Almost five years to the day, the prodigal son emptied his bank account, packed a few changes of clothes, and snuck off to the faraway country. Again. I’d wager that’s what went down. Five years is about the average life span of what we might call T.R.A.S.H. (“That Really Awful Sin Hangover”).

The first year back he was just glad to be home. He licked his wounds, put on a few pounds, worked on soiled relationships with his family and community. The second year was toughest; he still couldn’t get the taste of the pig slop out of his mouth—not to mention the shame that chewed away at his soul. The third year things leveled out a little. He started feeling more at home, back in synch with his former life. The fourth year, certain little things began to irk him—the same things that irked him before he left the first time. Some of the old itch for a no-strings-attached freedom began to demand it be scratched.

And the fifth year, it happened. The buzz he’d experienced blowing his dad’s money—the wine, the women, the song—they all came knocking, rapping their knuckles bloody, on his heart’s door. More than the shameful hell of feeding pigs, he could taste the sensual paradise of feasting on felicity. More than the raw guilt of hurting others, he could recall the intoxicating thrill of others pleasuring him. “Come join the murder,” the black ravens of his heart cawed. Come join it again, old friend.

And so he did. The prodigal relapsed. Re-sinned. Re-destroyed his life.

You know him—or her. Maybe it’s your brother. Maybe it’s your best friend. Maybe you gave birth to her.

Or maybe it’s the person staring back at you in the mirror. That thing you swore you’d never, ever, in a million years, do again, you did last night. You fell off the wagon. You skulked off, miles and miles away, from the straight and narrow path. You opened your heart to the rapping knuckles of former pleasures that once destroyed you. And will again.

The prodigals, whoever they might be, whoever you might be, will eventually find themselves right back in the pig sty. I remember when I did. The music has faded into the night, the fair-weather friends have all ditched you, and the temporary euphoria of so-called freedom has been replaced by the iron shackles of shame. And you stare in horror into the black eyes of the nearest muddy and stinking pig and see what? You see your face. You see your soul. You see and know what you’ve become. Again.

In that moment, on the plains of your heart, two vast armies line up in verbal array. Heaven and hell contend within you. Hell shouts, “Now you’ve gone and done it. You stupid, idiotic, piece of garbage. Listen! Can you hear your older brother scoffing as he tells all his friends that he knew, he just knew, you’d go and do it again. Can you hear the servants making you the butt of their jokes? Can you hear the congregation whispering, ‘Oh, I suspected he wasn’t truly and sincerely repentant the first time’? You’re a lost, lonely, hopeless cause. You’re not even human. You’re a damn pig. And that’s all you’ll ever be.” So hell spits. So hell accuses. I remember that voice well.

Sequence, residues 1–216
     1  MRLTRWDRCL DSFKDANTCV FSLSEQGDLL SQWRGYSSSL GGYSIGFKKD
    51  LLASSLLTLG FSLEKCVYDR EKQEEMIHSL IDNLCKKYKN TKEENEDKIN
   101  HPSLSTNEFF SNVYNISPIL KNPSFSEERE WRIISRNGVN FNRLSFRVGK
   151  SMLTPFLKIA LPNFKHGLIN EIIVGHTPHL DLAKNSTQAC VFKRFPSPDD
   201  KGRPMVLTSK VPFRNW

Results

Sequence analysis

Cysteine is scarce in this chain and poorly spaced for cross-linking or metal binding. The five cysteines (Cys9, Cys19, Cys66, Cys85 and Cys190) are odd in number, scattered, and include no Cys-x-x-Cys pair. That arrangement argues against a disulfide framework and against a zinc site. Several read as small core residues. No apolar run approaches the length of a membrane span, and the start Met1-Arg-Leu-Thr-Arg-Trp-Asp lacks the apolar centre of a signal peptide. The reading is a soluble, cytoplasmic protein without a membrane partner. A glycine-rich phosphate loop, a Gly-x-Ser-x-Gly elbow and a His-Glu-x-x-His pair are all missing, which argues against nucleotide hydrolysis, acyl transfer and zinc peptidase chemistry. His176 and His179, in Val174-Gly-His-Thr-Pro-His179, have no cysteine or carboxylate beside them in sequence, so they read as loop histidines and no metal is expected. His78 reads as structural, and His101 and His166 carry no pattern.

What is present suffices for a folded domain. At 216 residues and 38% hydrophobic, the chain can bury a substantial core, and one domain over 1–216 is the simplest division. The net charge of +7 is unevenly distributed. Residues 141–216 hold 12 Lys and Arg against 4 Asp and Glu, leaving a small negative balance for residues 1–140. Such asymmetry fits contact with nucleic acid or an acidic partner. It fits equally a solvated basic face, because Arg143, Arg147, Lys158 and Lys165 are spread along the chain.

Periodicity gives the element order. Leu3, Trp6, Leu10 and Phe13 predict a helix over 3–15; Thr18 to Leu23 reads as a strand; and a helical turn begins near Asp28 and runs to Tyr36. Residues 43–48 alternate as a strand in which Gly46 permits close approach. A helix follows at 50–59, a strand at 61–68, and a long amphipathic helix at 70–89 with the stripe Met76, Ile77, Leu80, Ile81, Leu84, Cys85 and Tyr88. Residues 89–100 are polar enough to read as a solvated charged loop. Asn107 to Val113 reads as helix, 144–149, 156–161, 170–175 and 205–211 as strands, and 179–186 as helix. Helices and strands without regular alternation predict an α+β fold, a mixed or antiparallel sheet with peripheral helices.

Second and third repentances are not met with half-ass parties in the Father’s house.

But there is another voice, not shouting but whispering, on the plains of your heart. It’s the voice of heaven, the familiar lilt of a Dad’s voice, echoing down the long hallways of hope, through your ears and down to the deepest, darkest caverns of your pain. He doesn’t accuse. He doesn’t berate. He only mouths two simple words in which are compressed the full expanse of heaven’s redemptive love: Come Home.

“Come home, my son. Come home, my daughter.
Come with your hands still clutching the bucket of slop—I don’t care.
Come with your mouth still sticky with the lipstick of licentiousness—I don’t care.
Come with your breath reeking of gallons upon gallons of liquor—I don’t care.
Come with your whole body slathered in pig sty mud—I. Don’t. Care.
All I care about is you. You are all that matters. Come home.”

Come home a second time. A third time. A thousandth time. The Father will not stay on the porch, arms crossed over his chest, and stare down at you as you come crawling on your knees to beg for mercy. The Father will not, this time, serve you liver and cauliflower and make you sleep in the dog house.

The second time, the third time, the thousandth time, he will sprint like a madman to meet you down the street, throw his arms around you, kiss you, and command that the fattened calf be barbecued and the keg tapped. Second and third repentances are not met with half-ass parties in the Father’s house. He goes all out, every time, his sons and daughters come home from the faraway country.

Let the older brothers stand in a circle and act like jerks as they question your motives and the “truth” of your repentance. Let the townspeople wag their heads and tsk-tsk the clemency of the Dad. Let certain religious groups hiss and point secretly to you as an example of what happens when Fathers forgive too readily. You know, you know better than they do, how much evil lurks within you still—and how much the Father forgives even that.

Come home. The front door is unlocked. The calf is fattened. And the Father is standing on the porch, his hand shading the sun from his eyes, scanning the horizon for the familiar image of the one who is, and will ever remain, his precious, beloved, forgiven child. Come home.